Louise Hunter, a model for the Sens.us competition that saw her win the ambassadorship for the brand as a prize, has inspired plenty of people to start dying their hair. As a result, it should not be all that surprising that allergic reactions to hair dyes are also increasing. This may also be because users are not aware of the risks an hairdressers are nonchalantly not telling them either.
Patch tests are simply not carried out by most hairdressers even though it would protect their liability if they were. This is because a patch test takes time and most hairdressers and clients do not want to wait the allotted period of time. It seems like a safe bet to say that most people at home who use a pharmacy kit also do not wait enough time.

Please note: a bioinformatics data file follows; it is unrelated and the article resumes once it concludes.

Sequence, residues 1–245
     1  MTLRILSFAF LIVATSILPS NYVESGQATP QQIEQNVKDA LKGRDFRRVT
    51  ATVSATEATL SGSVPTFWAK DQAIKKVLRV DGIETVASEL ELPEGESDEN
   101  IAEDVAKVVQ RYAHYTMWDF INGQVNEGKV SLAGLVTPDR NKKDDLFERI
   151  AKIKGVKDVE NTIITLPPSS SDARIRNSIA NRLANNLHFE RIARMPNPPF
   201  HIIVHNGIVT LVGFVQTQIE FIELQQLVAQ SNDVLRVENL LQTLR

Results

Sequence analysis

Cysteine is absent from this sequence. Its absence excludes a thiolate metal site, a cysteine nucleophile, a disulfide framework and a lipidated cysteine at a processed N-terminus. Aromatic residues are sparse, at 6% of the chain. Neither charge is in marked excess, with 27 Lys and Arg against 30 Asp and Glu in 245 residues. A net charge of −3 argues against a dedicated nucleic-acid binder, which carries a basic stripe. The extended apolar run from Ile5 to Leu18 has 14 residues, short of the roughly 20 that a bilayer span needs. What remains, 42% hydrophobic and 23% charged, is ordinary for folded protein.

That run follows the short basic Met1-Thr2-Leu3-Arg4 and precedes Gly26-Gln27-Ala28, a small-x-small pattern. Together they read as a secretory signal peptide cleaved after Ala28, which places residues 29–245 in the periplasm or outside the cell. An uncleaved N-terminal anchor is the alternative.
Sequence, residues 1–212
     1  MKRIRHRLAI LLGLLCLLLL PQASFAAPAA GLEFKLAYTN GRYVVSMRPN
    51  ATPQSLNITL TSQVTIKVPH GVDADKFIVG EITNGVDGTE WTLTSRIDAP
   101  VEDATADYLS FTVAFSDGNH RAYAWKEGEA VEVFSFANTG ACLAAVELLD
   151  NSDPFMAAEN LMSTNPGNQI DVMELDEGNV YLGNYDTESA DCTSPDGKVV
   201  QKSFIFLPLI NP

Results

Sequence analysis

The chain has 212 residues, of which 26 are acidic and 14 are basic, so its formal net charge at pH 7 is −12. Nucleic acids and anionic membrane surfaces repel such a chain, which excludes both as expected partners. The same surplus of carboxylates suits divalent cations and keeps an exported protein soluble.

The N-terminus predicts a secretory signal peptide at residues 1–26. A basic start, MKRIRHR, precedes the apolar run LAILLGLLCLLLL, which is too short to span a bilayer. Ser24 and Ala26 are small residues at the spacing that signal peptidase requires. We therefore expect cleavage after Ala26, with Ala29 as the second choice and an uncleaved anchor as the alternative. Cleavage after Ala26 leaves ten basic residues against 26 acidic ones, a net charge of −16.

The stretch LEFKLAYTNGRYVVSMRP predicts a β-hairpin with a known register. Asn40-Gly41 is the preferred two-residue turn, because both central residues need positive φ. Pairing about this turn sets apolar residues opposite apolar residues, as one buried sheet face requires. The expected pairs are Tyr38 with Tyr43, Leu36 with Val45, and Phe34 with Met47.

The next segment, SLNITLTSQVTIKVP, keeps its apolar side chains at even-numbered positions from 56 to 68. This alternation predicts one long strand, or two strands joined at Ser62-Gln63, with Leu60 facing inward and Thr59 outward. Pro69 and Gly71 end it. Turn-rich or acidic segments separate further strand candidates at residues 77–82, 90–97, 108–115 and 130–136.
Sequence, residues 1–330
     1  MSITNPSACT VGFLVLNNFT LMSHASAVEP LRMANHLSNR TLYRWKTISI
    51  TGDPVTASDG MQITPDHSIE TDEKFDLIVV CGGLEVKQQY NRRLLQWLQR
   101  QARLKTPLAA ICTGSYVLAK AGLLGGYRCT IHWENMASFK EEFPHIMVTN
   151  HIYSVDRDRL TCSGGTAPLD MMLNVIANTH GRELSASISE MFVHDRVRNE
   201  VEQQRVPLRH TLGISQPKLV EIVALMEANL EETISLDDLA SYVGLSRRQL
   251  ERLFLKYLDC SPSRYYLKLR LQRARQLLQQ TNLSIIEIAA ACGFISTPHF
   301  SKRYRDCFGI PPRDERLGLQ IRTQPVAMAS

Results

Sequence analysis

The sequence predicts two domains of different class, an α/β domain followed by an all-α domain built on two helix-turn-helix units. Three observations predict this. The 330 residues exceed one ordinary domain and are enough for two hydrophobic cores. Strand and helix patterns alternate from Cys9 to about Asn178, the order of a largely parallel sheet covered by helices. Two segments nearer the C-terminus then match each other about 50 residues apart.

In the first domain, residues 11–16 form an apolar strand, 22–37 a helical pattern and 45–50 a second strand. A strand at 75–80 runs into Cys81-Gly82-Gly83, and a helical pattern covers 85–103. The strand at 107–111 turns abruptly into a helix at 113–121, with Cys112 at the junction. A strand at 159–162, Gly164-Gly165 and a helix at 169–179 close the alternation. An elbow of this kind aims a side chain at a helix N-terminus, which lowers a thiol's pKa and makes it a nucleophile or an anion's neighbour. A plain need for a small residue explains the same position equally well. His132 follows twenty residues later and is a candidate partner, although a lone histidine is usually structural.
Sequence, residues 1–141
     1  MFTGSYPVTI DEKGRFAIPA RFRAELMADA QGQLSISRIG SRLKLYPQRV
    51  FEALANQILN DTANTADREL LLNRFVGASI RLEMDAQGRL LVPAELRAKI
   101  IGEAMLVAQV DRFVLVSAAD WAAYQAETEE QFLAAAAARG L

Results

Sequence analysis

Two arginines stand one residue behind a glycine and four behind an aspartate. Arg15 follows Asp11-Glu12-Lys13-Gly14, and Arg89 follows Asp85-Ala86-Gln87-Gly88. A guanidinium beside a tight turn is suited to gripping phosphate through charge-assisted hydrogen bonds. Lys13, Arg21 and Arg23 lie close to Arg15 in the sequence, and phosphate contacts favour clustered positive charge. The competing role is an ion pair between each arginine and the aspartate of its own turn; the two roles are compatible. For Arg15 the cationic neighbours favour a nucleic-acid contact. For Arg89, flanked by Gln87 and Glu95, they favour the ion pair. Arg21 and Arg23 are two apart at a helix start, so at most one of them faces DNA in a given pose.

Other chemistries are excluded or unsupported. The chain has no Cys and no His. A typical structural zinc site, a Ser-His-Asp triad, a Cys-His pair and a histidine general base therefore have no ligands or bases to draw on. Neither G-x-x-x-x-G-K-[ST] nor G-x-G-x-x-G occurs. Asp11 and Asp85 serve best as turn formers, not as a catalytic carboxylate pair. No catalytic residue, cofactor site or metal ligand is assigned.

However, manufacturers stick by their claim that a skin test should be conducted every time so that you can rest assured it is safe to use the produce before your hair is covered in sticky dye.
Despite even this warning, Louise Hunter stated that most hairdressers only think that a client needs to be tested the first time they dye their hair. She explained that she just finished setting up a salon that only uses hair colouring products that are completely natural and that there are many clients coming in that have never been tested.
She went on to say that it is important to be tested because you can start to have reactions at any age even if you have been dying and colouring your hair for years. The culprit behind most reactions is paraphenylenediamine (PDP) which is what makes hair colour permanent but in many cases will cause a reaction in those sensitive to it.